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At Materials Market, our ballast is carefully sourced and rigorously tested to ensure it meets the highest standards of quality. Our 'all-in' ballast (a 50/50 sand and gravel mixture) combines the strength of sharp sand with the durability of 10/20mm shingle to help you create the ultimate support system for your project. Ideal for use in the production of concrete, our high-quality ballast bags ensure you make cost-effective concrete that is both strong and reliable.

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All In Ballast Bulk Bag

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All In Ballast 25kg Bag

Ballast Overview

Ballast is a combination aggregate typically composed of sharp sand and gravel, with grain sizes ranging from 0.1mm to 20mm. 

Its combination of sharp sand and pea shingle creates a strong and durable binding agent when added to cement and water. Its addition aids in forming strong and dependable concrete. As a result, ballast is commonly used in the creation of base layers for garden walls, shed foundations, and path edging. It can also be used to fill voids in hardcore. 

Ballast materials comprise pre-blended aggregates such as crushed stone, gravel, or other types of rock. The specific material used for ballast will depend on the location, the purpose of the construction project, and the specific requirements of the site.

No matter the application, ballast sand is primarily utilised for its functional properties in construction rather than for decorative purposes due to its coarse and unrefined appearance; it is most commonly incorporated into concrete mixes or utilised as a concealed base in building projects.

As well as our all-in ballast bulk bag, we supply many other aggregates, all at highly competitive prices to assist you in a wide range of construction projects. When you buy with Materials Market, good quality is always ensured, as is good value.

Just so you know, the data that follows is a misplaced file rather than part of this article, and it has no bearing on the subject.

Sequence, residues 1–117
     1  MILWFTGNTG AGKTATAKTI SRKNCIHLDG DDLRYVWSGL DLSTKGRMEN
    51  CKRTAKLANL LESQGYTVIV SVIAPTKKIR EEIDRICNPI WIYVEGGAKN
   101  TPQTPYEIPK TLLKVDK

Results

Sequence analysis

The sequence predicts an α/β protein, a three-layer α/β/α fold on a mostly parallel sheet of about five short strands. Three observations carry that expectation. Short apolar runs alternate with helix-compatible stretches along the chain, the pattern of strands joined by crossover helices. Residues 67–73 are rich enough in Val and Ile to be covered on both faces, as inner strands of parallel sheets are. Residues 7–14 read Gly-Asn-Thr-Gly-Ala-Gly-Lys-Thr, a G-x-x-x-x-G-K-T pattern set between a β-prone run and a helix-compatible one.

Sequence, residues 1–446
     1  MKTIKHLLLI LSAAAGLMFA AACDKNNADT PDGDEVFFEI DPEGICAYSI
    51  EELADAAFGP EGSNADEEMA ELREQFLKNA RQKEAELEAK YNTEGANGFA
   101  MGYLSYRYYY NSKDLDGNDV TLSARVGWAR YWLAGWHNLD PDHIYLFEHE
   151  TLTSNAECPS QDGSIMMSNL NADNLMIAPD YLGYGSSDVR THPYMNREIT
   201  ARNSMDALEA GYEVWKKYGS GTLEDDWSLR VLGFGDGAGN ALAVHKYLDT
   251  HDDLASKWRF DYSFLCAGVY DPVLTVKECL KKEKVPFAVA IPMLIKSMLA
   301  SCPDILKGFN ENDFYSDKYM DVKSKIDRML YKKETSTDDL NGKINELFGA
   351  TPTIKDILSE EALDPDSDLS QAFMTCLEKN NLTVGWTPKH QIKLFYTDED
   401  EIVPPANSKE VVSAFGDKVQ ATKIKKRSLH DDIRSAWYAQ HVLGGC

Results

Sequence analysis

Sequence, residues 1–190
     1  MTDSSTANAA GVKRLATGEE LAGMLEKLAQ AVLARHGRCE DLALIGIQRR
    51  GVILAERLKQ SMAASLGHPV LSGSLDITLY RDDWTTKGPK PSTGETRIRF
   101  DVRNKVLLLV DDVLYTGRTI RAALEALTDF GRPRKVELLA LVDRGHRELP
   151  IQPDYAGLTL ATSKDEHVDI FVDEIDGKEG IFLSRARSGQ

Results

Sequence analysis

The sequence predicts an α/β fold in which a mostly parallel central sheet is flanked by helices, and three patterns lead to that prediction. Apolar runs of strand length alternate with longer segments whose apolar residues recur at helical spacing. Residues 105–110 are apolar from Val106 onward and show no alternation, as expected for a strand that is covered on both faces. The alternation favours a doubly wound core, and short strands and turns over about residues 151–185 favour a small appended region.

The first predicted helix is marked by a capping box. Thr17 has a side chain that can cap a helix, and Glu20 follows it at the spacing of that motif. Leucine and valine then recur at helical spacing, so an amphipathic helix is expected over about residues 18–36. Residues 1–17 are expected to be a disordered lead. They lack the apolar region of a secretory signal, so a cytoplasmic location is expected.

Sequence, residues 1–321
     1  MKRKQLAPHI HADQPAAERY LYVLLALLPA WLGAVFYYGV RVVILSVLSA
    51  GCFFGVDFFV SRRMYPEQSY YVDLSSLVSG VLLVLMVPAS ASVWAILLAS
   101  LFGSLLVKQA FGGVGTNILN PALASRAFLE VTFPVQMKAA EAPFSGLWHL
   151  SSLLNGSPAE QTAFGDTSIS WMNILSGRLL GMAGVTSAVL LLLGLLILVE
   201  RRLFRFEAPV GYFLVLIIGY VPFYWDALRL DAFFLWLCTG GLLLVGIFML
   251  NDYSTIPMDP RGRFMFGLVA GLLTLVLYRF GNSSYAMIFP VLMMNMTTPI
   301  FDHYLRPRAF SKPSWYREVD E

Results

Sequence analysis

Ballast Applications

Ballast is suitable for general building use and a variety of construction applications, including:

  1. Concreting Applications: Ballast is often mixed with cement and water to create concrete, which can be utilised in a range of construction projects, such as in the construction of retaining walls, securing fence posts, path edgings, and shed bases.
  2. Sub-Bases For Paths: The sub-base serves as a foundation for various structures, including roads and pathways. In more demanding applications/large projects, larger aggregates like MOT type 1 are the preferred choice. Ballast sand, on the other hand, can be a suitable choice for lighter sub-base applications like pathways and paving.

Frequently Asked Ballast Questions

Can You Use Ballast For Creating Hand Mixed Concrete? 

Yes, it is possible to mix concrete by hand using construction ballast. Concrete is made by mixing together cement, water, and a fine aggregate (such as sand) with a coarse aggregate (such as ballast).

To mix concrete by hand, you will need to follow these steps:

  1. Combine the dry ingredients: Mix together the cement, sand, and ballast in a large mixing container.
  2. Add water: Slowly add water to the dry mixture, stirring constantly to ensure the ingredients are well-combined. The amount of water you need will depend on the specific mix ratio being used and the desired consistency of the finished concrete.
  3. Mix the concrete: Continue mixing the concrete until it is smooth and uniform in consistency.
  4. Pour the concrete: Once the concrete is mixed, it can be poured into the desired form or mould.

Keep in mind that hand-mixing concrete can be labour-intensive and may not produce as consistent a mix as using a mechanical mixer. It is generally best to use a mechanical mixer for larger projects or for projects that require precise control over the mix.

Does The Weight Of Each Ballast Bag Vary? 

Yes, despite the stated product weight, the actual weight of ballast bulk bags may vary depending on moisture content.

What Gravel is Used in Ballast Production?

Ballast products typically consist of a mixture of stones and gravel, which may include limestone, granite, gritstone, dolomite, trap rock, or quartzite. In certain instances, hard materials such as burnt clay may also be included in the mix. 

These materials are typically sourced from local quarries and have a size range of 10mm-20mm. Due to the diverse range of stones used, the products may exhibit variations in colour, size, and shape.

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